This might be one of those “duh” concepts, but when I first encountered it, it was oddly more like “a-ha!”
The task of organizing information has never been more vital. We are now awash in information. What makes information useful is how it is organized. The discipline of organizing information can be called “information architecture.” And to keep that idea going, anyone who works to organize information can be called an “information architect.” So a skilled journalist can be an information architect. Editors and page designers, yes. Infographic artists, of course. Web designers. All sorts of people involved in communication.
There is a simple tool that can help anyone become an information architect. It’s easy to remember, too. You can thank Richard Wurman for it. Here it is: LATCH.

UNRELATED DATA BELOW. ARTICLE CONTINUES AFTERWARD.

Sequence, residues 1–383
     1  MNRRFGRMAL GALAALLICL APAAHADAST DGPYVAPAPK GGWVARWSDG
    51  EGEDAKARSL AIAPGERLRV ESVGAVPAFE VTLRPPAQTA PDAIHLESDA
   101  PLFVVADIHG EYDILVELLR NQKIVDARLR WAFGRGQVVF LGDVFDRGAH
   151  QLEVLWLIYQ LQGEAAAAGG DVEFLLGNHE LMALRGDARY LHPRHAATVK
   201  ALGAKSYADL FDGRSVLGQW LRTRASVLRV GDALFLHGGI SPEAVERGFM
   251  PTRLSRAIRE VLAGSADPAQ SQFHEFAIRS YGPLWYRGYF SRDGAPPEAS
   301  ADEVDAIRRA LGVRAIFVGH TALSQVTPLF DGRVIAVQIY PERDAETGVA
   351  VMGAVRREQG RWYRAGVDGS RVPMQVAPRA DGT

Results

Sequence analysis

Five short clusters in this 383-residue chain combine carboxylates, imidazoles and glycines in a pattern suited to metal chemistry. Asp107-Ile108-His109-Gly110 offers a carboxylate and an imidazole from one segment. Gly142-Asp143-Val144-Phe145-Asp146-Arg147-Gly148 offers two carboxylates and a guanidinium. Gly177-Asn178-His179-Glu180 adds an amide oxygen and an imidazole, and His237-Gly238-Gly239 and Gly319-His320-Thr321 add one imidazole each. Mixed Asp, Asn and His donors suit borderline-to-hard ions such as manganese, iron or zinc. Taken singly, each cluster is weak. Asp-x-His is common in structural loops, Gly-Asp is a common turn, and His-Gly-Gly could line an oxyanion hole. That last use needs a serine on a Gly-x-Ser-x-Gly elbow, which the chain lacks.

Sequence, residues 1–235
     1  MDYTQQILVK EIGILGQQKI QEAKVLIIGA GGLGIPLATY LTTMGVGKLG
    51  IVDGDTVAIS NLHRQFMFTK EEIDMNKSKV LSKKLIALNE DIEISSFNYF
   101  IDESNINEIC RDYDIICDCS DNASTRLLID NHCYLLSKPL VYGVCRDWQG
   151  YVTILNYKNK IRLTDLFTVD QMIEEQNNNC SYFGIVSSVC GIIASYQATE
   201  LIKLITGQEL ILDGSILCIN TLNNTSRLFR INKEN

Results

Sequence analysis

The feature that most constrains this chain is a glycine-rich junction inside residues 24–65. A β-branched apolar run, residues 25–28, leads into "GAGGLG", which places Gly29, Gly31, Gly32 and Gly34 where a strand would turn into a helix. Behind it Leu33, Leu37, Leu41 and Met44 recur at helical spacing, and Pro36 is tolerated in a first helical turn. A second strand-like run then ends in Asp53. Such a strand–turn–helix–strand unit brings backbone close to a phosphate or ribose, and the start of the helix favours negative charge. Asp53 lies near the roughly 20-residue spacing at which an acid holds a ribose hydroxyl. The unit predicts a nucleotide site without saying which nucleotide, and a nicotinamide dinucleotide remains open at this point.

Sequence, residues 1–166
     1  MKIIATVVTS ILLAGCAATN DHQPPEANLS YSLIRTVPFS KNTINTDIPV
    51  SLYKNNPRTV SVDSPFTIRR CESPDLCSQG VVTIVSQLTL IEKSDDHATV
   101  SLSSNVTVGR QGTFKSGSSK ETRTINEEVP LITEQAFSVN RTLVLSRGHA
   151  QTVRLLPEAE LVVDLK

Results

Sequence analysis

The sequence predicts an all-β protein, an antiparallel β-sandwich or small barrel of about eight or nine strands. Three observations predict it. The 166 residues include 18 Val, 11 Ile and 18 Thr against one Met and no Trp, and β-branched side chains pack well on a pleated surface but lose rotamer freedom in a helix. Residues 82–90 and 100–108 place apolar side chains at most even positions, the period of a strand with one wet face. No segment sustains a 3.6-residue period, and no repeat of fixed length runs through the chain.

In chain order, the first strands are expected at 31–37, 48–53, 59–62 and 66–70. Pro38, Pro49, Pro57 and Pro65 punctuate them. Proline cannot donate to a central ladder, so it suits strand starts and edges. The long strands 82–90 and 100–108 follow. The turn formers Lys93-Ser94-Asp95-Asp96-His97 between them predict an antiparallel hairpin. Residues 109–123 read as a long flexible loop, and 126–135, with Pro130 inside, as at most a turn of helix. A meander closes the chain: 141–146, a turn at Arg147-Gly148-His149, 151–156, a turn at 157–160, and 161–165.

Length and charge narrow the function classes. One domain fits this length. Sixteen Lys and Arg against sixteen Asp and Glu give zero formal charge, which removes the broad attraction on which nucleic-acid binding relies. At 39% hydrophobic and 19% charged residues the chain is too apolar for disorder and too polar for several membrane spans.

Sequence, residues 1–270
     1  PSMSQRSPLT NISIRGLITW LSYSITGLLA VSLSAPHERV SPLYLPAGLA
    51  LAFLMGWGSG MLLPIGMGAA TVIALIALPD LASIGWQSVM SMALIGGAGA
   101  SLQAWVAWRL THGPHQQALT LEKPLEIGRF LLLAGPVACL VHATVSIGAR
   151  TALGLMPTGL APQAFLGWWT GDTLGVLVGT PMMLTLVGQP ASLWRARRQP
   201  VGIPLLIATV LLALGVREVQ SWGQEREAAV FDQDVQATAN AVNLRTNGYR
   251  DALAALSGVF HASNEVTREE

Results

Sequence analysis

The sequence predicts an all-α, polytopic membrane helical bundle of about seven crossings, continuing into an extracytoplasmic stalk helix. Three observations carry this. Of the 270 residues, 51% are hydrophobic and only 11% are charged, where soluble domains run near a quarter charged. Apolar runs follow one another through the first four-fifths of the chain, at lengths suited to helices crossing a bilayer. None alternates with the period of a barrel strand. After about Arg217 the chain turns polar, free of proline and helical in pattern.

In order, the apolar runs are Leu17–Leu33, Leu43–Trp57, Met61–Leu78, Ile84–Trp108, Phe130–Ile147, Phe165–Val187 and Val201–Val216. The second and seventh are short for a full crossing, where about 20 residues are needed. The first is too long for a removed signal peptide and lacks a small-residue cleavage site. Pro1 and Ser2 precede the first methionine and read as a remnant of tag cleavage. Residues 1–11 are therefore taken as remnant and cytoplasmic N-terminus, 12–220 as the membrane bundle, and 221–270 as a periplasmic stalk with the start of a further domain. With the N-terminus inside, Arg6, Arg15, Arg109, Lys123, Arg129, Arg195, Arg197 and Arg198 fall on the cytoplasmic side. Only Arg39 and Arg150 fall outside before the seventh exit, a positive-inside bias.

- Location: Where something is physically located: maps, parts of a cell, addresses
- Alphabet: Listing of text ranked by alphabetical order: rosters, phone books, encyclopedias
- Time: Duration or placement in time: dates, time spans, timelines, processes
- Category: Groupings of things by something they have in common: think of departments in a department store or sections in a newspaper
- Hierarchy: Ranked by values, either quantitative or qualitative: money, height, military rank, size, importance
Applying one organizational factor against another is how we get things like charts and graphs, and insight. For example: the value of stock prices (hierarchy) of tech companies vs. manufacturing (category) over three years (time).